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The highest form of intelligence: Sarcasm increases creativity for both expressers and recipients

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Abstract

Sarcasm is ubiquitous in organizations. Despite its prevalence, we know surprisingly little about the cognitive experiences of sarcastic expressers and recipients or their behavioral implications. The current research proposes and tests a novel theoretical model in which both the construction and interpretation of sarcasm lead to greater creativity because they activate abstract thinking. Studies 1 and 2 found that both sarcasm expressers and recipients reported more conflict but also demonstrated enhanced creativity following a simulated sarcastic conversation or after recalling a sarcastic exchange. Study 3 demonstrated that sarcasm’s effect on creativity for both parties was mediated by abstract thinking and generalizes across different forms of sarcasm. Finally, Study 4 found that when participants expressed sarcasm toward or received sarcasm from a trusted other, creativity increased but conflict did not. We discuss sarcasm as a double-edged sword: despite its role in instigating conflict, it can also be a catalyst for creativity.

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... By contrast, a lack of good communication might make the leaders' use of aggressive humor even more annoying for the employees. This reasoning is in line with some recently published empirical studies showing that aggressive humor (Robert et al., 2016), sarcasm (Huang, Gino, & Galinsky, 2015), or teasing (Gorman & Jordan, 2015) does not necessarily have negative consequences in already established relationships (but, see also Kim et al., 2016). Therefore, being satisfied with the leaders' communication is expected to buffer the negative effect of aggressive humor. ...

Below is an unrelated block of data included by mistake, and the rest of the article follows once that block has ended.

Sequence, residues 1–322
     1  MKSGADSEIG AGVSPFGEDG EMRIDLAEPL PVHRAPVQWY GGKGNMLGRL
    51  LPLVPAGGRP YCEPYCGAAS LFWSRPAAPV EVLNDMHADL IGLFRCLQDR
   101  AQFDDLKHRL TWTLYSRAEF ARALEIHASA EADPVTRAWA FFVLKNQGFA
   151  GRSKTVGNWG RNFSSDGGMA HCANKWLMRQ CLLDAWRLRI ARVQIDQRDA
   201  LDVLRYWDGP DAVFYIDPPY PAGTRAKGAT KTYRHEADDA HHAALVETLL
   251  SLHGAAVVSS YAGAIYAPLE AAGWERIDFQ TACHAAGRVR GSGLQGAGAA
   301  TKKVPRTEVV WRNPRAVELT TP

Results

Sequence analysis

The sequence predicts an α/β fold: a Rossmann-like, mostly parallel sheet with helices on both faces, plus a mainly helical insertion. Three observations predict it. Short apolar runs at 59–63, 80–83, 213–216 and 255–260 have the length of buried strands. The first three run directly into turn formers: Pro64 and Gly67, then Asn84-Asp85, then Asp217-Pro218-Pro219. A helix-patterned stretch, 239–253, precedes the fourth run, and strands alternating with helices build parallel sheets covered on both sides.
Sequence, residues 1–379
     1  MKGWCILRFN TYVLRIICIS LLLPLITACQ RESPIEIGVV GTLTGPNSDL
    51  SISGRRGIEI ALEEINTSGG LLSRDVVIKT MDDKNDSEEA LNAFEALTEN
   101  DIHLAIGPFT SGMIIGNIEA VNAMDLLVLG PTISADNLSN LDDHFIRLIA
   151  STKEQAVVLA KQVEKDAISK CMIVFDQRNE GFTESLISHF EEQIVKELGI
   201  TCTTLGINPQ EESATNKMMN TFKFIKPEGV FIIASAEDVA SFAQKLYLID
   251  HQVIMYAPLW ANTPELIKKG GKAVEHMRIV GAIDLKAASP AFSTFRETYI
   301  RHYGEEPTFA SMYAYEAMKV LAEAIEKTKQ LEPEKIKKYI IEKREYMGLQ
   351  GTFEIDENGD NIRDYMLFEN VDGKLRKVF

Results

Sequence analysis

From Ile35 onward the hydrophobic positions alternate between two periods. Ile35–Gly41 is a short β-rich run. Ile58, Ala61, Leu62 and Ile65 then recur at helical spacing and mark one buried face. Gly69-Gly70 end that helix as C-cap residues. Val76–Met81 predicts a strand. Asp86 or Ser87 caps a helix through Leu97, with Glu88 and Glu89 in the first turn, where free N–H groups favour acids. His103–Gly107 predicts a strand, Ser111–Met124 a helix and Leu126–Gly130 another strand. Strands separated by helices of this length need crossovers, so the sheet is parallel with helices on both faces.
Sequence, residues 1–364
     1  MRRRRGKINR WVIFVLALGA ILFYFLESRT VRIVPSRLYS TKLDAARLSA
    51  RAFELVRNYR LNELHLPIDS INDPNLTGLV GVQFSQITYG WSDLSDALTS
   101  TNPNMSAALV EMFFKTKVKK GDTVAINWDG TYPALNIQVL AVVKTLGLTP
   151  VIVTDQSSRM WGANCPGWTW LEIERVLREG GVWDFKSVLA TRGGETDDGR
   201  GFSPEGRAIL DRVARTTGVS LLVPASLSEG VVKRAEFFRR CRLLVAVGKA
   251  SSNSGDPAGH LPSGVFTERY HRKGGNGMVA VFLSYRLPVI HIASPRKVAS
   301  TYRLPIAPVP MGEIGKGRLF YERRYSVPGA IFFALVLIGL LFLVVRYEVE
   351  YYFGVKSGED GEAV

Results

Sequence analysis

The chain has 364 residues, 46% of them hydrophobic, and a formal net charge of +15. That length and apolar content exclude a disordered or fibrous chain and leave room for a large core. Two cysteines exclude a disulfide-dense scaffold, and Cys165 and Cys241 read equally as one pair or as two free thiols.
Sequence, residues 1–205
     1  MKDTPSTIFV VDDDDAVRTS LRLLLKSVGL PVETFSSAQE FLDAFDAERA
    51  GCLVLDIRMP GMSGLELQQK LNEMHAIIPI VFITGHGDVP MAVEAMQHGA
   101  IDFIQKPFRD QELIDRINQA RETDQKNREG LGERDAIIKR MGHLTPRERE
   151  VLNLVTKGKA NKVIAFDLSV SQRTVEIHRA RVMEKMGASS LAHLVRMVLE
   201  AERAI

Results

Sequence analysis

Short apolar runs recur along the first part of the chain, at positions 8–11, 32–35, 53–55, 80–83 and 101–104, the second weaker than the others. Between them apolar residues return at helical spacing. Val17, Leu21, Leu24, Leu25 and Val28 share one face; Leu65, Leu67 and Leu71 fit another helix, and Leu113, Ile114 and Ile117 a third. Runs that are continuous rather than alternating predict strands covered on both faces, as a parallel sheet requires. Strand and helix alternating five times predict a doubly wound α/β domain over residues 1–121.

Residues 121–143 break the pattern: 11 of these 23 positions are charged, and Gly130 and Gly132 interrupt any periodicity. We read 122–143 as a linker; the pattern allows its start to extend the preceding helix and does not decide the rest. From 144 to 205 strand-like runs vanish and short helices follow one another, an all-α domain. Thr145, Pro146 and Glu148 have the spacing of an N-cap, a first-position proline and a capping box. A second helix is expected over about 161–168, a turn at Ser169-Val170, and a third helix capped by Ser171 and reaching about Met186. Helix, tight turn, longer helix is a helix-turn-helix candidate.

... Perhaps there are even conditions under which aggressive humor has positive effects on follower outcomes. For example, Huang et al. (2015) have reported that sarcasm (one form of aggressive humor) even has positive effects if relational trust between colleagues is already established. Future research may try to show that this is also true for hierarchical leader-follower relationships. ...
... Obviously, the negative effects of aggressive humor cannot be buffered by good communication behavior. This is surprising given the findings by Gorman and Jordan (2015), Huang et al. (2015), and Robert et al. (2016), who have shown that aggressive humor (or similar forms) does not have negative effects in established relationships. However, as wemuch like Kim et al. (2016) did not find such moderation, future research needs to address the effects of aggressive humor in more detail. ...
Article
We investigate the relationship between humor in leadership and turnover intentions and focus on benign and aggressive humor. We propose indirect relationships between both benign and aggressive humor and turnover intentions via cynicism toward the leader. We expect communication satisfaction to moderate these relationships. In our survey study, we found a negative relationship between benign humor and cynicism, while aggressive humor in leadership was positively related to cynicism. We found indirect effects of benign and aggressive humor on turnover intentions mediated via cynicism. The indirect effect of benign humor was moderated by communication satisfaction in a way that benign humor was more strongly related to cynicism and indirectly to turnover intentions if communication satisfaction was low. The indirect effect of aggressive humor on turnover intentions was not moderated by communication satisfaction. Our study underlines the necessity to distinguish between benign and aggressive humor and to further explore its boundary conditions.
... Specialists in human interactions, organizational effectiveness and group dynamics are advising employees to use it as less as possible or even not at all because of the remarks transmitted, which are mean, judgmental, poisonous and full of contempt, according to Gottman and Silver (1999). The effect these remarks may have on organizational settings can be harmful and can lead to poor or misguided communication (Huang et al., 2015). Fredrickson and Losada (2005) tested 60 management teams using sarcasm in communication and concluded that sarcastic remarks affected in a negative way the communication between team members and led to poor performance. ...